In the absence of macroscopic abnormalities or a suggestive clinical history, formal histologic examination of the brain rarely determines the cause of death in SUID. A significant clinical history or the presence of abnormal gross brain findings should prompt a standardized histologic study of formalin-fixed brain tissue; the yield of histologic abnormalities is increased in these circumstances.

Initial Emergency Care After Apparent Life-Threatening Event

Paramedics and other emergency medical services (EMS) personnel should be familiar with the historical factors and observations indicative of an apparent life-threatening event (ALTE). Infants who have experienced an ALTE must be transported to the emergency department (ED); this is true even of infants who appear well when examined by EMS personnel.

For the infant found in cardiorespiratory arrest, the first priority is life support via attention to the ABCs (A irway, B reathing, C irculation) and other medical interventions as appropriate. In the absence of postmortem lividity or other signs of obvious death, infants must be transported to the hospital to ensure full resuscitative attempts.

Observations made by EMS personnel at the scene may assist in the investigation. Such observations should include the following:

In the ED, post-ALTE care includes resuscitation and general stabilization. The patient should be placed on cardiac and respiratory monitoring, including arterial oxygen saturation. The blood glucose level should be determined; hypoglycemia may be associated with apnea, with or without seizure.

The objectives of the workup are to identify “serious” ALTEs and to attempt to establish the cause of the ALTE. ALTE alone is not a definitive diagnosis; a more specific final diagnosis (eg, ALTE secondary to seizure) is preferred. In many instances, however, such specificity cannot be achieved, and the final diagnosis is idiopathic ALTE or ALTE of undetermined etiology. On a cautionary note, the diagnosis of ALTE secondary to reflux is one of exclusion. Ideally, this diagnosis should be made only after a period of observation and reflux monitoring.

Inpatient Management of Patient With Apnea or Apparent Life-Threatening Event

All infants presenting with nontrivial apnea or ALTEs associated with cyanosis or alterations in mental status or tone should be admitted. Infants who experienced a brief choking episode during feeding or choking associated with a suspected reflux episode can be safely discharged home after a period of observation.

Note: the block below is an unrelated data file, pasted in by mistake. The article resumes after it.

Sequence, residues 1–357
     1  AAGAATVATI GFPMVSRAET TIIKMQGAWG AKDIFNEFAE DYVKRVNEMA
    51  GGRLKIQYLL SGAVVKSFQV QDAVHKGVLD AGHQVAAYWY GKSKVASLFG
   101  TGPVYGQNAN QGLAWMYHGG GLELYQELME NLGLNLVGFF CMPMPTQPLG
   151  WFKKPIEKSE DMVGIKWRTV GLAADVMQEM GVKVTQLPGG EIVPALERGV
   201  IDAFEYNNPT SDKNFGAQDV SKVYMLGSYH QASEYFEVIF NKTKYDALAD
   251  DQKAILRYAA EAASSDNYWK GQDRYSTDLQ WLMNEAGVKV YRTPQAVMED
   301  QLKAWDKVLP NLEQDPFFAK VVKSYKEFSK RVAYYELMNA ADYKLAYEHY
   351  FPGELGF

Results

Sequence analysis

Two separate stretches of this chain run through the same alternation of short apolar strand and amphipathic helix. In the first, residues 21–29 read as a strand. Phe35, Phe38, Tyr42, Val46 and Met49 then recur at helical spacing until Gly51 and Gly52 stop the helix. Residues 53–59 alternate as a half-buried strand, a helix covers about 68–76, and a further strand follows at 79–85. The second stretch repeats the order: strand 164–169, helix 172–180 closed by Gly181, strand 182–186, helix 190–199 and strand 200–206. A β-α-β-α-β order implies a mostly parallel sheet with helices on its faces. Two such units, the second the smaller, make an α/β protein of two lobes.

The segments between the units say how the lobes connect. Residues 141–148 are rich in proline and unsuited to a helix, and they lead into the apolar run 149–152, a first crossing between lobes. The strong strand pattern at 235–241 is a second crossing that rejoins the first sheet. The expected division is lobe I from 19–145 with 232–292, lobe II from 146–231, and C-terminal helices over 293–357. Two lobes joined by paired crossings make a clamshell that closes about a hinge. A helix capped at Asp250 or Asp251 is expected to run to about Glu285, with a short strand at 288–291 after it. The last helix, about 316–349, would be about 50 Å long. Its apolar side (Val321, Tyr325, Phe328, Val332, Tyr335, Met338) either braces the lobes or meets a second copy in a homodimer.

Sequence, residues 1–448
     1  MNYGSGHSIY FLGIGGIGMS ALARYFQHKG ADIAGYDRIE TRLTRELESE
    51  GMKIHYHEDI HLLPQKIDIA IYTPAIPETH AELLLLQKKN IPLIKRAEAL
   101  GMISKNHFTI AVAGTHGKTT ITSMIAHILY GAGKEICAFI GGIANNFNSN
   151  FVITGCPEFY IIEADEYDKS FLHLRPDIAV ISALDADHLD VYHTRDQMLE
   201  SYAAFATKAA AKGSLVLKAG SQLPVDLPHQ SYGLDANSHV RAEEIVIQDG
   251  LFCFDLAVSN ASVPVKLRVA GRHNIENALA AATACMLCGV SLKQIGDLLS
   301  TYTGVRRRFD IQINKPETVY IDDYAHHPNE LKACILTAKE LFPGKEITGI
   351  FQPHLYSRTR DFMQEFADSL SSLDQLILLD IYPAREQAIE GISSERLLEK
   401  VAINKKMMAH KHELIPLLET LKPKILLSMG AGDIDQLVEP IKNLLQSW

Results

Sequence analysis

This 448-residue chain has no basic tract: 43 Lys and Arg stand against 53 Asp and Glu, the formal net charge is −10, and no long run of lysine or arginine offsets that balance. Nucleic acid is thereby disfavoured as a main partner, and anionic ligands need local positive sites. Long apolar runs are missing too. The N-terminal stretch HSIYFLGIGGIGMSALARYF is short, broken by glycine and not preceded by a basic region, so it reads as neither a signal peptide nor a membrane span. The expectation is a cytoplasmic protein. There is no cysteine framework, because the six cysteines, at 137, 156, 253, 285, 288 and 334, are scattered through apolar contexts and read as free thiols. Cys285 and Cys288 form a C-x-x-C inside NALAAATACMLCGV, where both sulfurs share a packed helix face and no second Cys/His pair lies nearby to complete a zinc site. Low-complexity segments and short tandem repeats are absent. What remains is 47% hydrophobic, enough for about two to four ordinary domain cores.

Higher-risk groups include infants who meet the criteria for an ALTE with occurrence during sleep, those in whom cyanosis was observed, those with a history of previous events, and those who required vigorous stimulation or any type of resuscitation.

Stable children may be admitted to the floor with a continuous cardiorespiratory monitor to determine frequency and length of apnea and associated bradydysrhythmias. Infants who required any type of resuscitative measures should be monitored in a pediatric intensive care unit or, if appropriate (according to the severity of the event), in a pediatric step-down unit.

Inpatient evaluation may include the following:

Transfer is indicated if inpatient facilities are not available to meet the patient’s needs for monitoring and critical care.

Procedures After Infant Death

Parents’ reactions to a child’s death encompass the spectrum of negative human emotion, from silence to hysteria. They often experience intense guilt, even when there is no reason for such recriminations. On the other hand, many abusive parents are charming and attractive people who can evade and deceive professionals representing multiple disciplines. They may appear to be caring and kind in the presence of professionals, though video surveillance may show them becoming cruel and sadistic within seconds of being alone with a child.